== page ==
It wasn't enough to introduce HR 145 this year. Instead, the Republican-sponsored bill became the Revoke Excessive Policies that Encroach on American Liberties Act. Or for easy reference, the REPEAL Act targeting President Obama's healthcare overhaul.
Congressional bills used to be known by succinct, nonpartisan names — say, the Homestead Act or Civil Rights Act. But these days, many lawmakers are opting for partisan stingers that, in the words of a former House historian, "poke the opposition in the eye."
This new generation of attack titles is ratcheting up the gamesmanship among lawmakers in both parties who are vying to make their bills stand out from the thousands introduced every year. Some recent examples:
The Reducing Barack Obama's Unsustainable Deficit Act (it died in the last session); the Big Oil Welfare Repeal Act (it has languished in committee); and the Reversing President Obama's Offshore Moratorium Act (it passed the Republican-run House, but even if approved by the Democratic-controlled Senate is unlikely to get you-know-who's signature).
Lawmakers have long used catchy names and acronyms for bills. Controversy over Bruce Springsteen concert ticket sales two years ago prompted the BOSS Act for Better Oversight of Secondary Sales and Accountability in Concert Ticketing. But now, the titles increasingly hammer home a political point of view.
"The fact is that everything on Capitol Hill has become incredibly polarized along partisan lines, and members of each side of the aisle try to take advantage of anything they can get their hands on to outflank their opponents," said Julian Zelizer, a congressional historian at Princeton University. "So it's logical that eventually even the name of bills would be another mechanism to stick it to the other party."
The titles can be real mouthfuls, like the Regulations from the Executive in Need of Scrutiny, or REINS, Act, a Republican-sponsored bill to limit the executive branch's regulatory authority. Then there's the Democratic-written Repealing Ineffective and Incomplete Abstinence-Only Program Funding Act. Neither has made it to a vote.
The trend toward partisan names would seem counterproductive because bills typically stand a better chance of passing if they attract bipartisan support.
Rep. George Miller (D-Martinez), a 36-year House veteran, complained that the partisan-named bills, like those that target the president, are "not substantive" because "they're just a vehicle for a message." Lawmakers tend to lament the lack of bipartisanship in Congress, but then "they fuel it" with bill names, he said. "It's just not helpful."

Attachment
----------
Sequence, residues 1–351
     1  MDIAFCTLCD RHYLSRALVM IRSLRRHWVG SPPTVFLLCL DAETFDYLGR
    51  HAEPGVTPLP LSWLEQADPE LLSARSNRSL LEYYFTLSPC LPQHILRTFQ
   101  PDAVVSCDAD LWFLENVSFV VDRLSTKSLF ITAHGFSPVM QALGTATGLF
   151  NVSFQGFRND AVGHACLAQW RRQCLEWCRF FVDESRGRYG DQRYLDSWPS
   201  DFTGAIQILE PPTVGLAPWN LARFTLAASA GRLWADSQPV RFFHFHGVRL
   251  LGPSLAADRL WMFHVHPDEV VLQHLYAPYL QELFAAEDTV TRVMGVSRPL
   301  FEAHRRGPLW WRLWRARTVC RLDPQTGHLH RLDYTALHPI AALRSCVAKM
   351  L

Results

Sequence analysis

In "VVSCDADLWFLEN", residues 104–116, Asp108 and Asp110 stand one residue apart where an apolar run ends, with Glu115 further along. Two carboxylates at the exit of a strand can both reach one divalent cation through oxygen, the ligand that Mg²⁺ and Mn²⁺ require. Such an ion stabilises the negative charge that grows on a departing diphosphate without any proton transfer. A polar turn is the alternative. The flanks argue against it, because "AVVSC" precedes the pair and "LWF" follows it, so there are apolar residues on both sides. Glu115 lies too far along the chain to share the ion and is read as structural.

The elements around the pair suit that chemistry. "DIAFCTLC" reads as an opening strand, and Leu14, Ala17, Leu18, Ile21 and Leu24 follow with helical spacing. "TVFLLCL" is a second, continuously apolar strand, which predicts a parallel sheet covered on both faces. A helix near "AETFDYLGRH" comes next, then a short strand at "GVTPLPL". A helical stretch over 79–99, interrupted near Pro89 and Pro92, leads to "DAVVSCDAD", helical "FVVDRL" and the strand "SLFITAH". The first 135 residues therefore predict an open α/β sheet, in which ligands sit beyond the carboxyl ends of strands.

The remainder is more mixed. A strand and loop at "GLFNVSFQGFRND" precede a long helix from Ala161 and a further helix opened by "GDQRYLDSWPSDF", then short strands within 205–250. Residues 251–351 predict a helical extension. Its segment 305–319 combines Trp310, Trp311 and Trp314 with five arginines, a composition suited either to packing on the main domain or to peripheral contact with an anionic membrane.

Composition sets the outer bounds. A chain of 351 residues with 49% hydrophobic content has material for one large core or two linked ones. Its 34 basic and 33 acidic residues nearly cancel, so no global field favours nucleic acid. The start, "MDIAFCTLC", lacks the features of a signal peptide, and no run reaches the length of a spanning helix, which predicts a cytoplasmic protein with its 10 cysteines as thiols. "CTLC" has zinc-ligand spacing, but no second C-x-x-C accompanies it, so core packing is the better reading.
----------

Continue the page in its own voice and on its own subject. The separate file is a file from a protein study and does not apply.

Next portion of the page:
But winning approval isn't necessarily the point.
"It would not be good legislative strategy," said Art Rynearson, who retired after 27 years of drafting legislation in the Senate legislative counsel's office, "but might be good politics."
Not to mention an effective communication tool.
"If Republicans can take a silly name like the Repealing the Job-Killing Health Care Law Act and make it stick, they've helped communicate its meaning and importance to audiences they're trying to reach," said Jim Harper, the Cato Institute's director of information policy studies, whose blog WashingtonWatch.com tracks legislation.
For years, bills often were named to describe their purpose, like the 1965 Highway Beautification Act. They also were named after their sponsors — the Sarbanes-Oxley corporate reform law, for example. The popular nickname for the Immigration Reform and Control Act of 1986 was Simpson-Mazzoli.
In one celebrated 2004 episode, the House Transportation Committee staff labored to fulfill a directive from then-Chairman Don Young, an Alaska Republican, to name a bill after his wife, Lu. The result? The Transportation Equity Act: A Legacy for Users, so that its initials were TEA-LU.
In 1997, Rep. Pete Stark (D-Fremont) introduced the No Private Contracts to Be Negotiated When the Patient Is Buck Naked Act, a bill that became known as the Stark Naked Act.
The bill never went anywhere but achieved Stark's goal of calling attention to his concerns that doctors would try to get patients to agree to charges when they were in vulnerable positions in the exam room. It also won favorable publicity for Stark, almost as dear to a Washington politician as a legislative victory.
Bills must carry a number and have an official title. "It's the prerogative of the sponsor to name the legislation," though bills must conform to the "general rules of decorum," a House Rules Committee spokeswoman said. She could not recall a name ever being rejected, but no such records are kept.
It's unlikely that more ordinary names make a difference when it comes down to voting. The Democrats' name for their healthcare overhaul, the Patient Protection and Affordable Care Act, didn't help it gain any more Republican support.
But some names are designed to make it hard to oppose the bill.
After all, who could vote against the Reducing Regulatory Burdens Act? It passed the House this year.
Still, Rep. Brad Sherman (D-Sherman Oaks), who voted against it, said if he were asked its name, he would simply say: "That's the Republican Sham Reducing Regulatory Burdens Act. I retitle the bills as necessary."
Reflecting on the recent spate of embellished titles, Ray Smock, the former House historian, said the 9th Congress, which passed the Slave Trade Prohibition Act in 1807, might have missed a historic opportunity.
"Had partisan abolitionists, using today's low standards of bill-naming, put a title to the bill," he said, "it might have been called An Act to Prohibit the Dastardly and Evil Jobs-Killing Slave Trade Act."